The power of retail destinations
David Fischel, chief executive of intu talks about the power of retail destinations to change lives for the better
Our centres are vibrant, bustling destinations. But we're dimming their lights and turning down the music for sixty minutes to create a better shopping experience for autistic people.
We have held quiet hours in our centres before and a growing number of retailers have also been getting involved. In 2017, we worked with the National Autistic Society to hold the UK’s first national autism hour and thousands more shops and businesses are joining us to reduce the sensory overload experienced by autistic people.
Bringing together such a scale of retail destinations across the country provides much more than an hour of temporary relief for autistic shoppers. It elevates the national consciousness about a condition impacting 700,000 people in the UK on the autism spectrum and could end up driving real and long-lasting social change.
It is thought that as many as seven million people of working age have a disability. Their spending power, known as the ‘purple pound’, is worth around £249bn to the economy. But according to the Extra Costs Commission, a year-long enquiry which explored the extra costs facing disabled people, three quarters of this seven million have left a shop because of poor customer service relating to their disability and UK retailers risk missing out on as much as £420 million of sales a week as a result.
Further, two thirds of autistic people and their families told the National Autistic Society that they currently avoid going shopping at all. Both shoppers and retailers are losing out.
Quiet hours for autistic people will be staged at intu’s busy shopping centres across the UK this autumn for the country’s first nationwide ‘Autism Hour’.
The National Autistic Society’s innovative and eye-opening virtual reality experience first brought to life what a visit to a shopping centre can feel like for an autistic person as a result of sensory overload. The charity approached us because it appreciated intu would be a like-minded partner with access to 35 million customers nationwide and some of the world’s best known retail brands at big and busy shopping destinations across the UK. More than 13,500 shoppers went on to engage with the VR experience in our centres as a result.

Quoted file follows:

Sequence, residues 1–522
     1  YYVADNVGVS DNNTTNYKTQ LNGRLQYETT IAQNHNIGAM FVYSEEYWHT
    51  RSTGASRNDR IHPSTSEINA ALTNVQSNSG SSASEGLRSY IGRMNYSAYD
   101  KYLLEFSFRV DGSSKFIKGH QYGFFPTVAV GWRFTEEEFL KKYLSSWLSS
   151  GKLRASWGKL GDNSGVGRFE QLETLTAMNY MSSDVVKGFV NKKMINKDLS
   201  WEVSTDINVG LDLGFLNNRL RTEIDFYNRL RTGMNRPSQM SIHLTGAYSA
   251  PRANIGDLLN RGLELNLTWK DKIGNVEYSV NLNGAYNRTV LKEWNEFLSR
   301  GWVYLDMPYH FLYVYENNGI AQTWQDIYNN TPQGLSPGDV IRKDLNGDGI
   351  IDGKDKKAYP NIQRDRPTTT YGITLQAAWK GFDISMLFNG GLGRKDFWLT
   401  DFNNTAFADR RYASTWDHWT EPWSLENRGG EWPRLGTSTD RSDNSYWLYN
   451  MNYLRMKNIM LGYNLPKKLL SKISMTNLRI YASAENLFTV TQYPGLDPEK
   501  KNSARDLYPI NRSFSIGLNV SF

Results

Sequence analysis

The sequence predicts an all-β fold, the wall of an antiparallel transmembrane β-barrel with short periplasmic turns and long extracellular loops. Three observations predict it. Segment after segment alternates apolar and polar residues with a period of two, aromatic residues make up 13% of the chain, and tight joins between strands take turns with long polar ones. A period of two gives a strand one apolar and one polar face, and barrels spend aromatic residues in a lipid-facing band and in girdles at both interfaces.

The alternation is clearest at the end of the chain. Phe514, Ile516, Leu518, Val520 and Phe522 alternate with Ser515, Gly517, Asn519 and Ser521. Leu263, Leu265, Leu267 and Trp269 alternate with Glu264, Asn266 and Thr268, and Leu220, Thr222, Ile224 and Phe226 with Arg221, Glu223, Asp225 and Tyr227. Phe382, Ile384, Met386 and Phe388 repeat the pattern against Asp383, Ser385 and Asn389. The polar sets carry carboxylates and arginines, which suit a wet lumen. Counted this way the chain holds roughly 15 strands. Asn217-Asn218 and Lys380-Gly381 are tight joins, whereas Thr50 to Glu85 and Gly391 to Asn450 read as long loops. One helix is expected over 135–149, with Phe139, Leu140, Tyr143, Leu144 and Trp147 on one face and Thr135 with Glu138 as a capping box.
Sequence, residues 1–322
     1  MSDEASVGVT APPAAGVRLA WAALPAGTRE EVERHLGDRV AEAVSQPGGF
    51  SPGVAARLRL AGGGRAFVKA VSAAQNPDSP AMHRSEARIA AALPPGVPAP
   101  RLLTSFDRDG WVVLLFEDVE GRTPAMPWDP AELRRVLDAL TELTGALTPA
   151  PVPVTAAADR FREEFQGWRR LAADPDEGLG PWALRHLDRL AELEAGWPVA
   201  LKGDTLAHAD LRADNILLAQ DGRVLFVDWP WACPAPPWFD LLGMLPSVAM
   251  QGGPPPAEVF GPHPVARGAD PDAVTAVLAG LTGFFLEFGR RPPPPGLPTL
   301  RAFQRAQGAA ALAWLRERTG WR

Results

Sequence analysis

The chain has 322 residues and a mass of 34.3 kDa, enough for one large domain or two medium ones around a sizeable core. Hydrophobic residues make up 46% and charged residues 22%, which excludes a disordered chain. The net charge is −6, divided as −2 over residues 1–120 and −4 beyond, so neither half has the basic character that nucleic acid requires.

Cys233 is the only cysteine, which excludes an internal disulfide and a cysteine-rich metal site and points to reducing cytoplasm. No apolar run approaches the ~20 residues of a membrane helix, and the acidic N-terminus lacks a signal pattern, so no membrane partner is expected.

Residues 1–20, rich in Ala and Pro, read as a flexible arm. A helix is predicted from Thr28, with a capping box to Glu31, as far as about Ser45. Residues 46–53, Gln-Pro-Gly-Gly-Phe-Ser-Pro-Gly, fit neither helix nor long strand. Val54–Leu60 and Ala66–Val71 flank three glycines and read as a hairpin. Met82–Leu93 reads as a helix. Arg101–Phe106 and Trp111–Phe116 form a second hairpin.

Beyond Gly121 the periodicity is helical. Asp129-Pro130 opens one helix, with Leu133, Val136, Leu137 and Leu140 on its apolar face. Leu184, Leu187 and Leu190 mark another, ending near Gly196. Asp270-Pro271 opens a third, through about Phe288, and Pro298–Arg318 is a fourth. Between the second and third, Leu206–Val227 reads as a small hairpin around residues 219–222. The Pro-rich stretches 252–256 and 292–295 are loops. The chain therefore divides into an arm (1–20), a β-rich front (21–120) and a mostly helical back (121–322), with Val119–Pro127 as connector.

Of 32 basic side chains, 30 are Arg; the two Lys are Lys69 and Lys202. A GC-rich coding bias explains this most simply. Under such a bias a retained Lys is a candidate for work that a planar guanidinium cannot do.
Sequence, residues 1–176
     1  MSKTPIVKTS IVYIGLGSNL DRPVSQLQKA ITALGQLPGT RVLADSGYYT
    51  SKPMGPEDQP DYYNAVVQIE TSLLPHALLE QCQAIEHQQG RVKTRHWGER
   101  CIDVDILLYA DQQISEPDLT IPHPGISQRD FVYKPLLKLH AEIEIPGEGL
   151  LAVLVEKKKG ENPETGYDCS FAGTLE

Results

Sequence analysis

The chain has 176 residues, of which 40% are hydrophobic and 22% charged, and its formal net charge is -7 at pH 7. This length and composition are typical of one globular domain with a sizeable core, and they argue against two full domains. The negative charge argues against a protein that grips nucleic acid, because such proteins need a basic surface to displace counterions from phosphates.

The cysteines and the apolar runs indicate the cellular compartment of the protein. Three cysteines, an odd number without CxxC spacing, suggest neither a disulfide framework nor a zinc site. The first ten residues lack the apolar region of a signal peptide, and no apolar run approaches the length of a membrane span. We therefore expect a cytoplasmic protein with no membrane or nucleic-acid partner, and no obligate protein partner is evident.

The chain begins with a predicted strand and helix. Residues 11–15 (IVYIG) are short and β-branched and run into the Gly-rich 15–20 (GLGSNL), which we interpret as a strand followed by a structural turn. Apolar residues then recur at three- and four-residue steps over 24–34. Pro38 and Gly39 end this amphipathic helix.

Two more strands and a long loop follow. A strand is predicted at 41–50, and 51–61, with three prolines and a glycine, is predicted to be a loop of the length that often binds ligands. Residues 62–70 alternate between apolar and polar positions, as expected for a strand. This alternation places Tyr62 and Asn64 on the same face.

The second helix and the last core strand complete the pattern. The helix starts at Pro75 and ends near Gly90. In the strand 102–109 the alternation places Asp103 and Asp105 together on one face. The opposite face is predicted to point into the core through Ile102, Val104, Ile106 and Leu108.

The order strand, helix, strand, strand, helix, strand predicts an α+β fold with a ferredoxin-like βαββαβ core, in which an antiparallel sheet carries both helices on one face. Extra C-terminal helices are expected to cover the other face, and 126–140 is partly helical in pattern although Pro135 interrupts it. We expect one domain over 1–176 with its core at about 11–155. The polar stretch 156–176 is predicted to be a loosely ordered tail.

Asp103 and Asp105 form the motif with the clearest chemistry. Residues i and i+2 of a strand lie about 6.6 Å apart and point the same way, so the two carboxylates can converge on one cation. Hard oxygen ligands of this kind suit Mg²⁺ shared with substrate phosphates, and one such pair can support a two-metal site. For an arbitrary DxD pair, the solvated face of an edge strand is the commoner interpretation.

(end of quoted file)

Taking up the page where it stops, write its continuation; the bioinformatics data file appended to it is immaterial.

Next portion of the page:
The project was a great example of us working with other experts, in this case a leading charity, to create compelling experiences within our inclusive and accessible spaces, at all hours of the day. And adapting physical and online environments so every shopper can enjoy them is important for all of us working within the retail industry. This could mean more regular autism hours at more shops and businesses across the country but also more staff training and developing customer service to understand customers’ disabilities, whether they are visible or hidden.
This autism hour campaign extends work which we piloted at intu Trafford Centre in 2014 to better support autistic customers, which is now being rolled out to every intu centre. intu is providing frontline staff members with autism-friendly training and autistic customers with access to helpful materials so that they can plan and enjoy their shopping trip. We’re now beginning to work with retailers to roll out the same training to their staff as well.
This article was first published in Retail Week.
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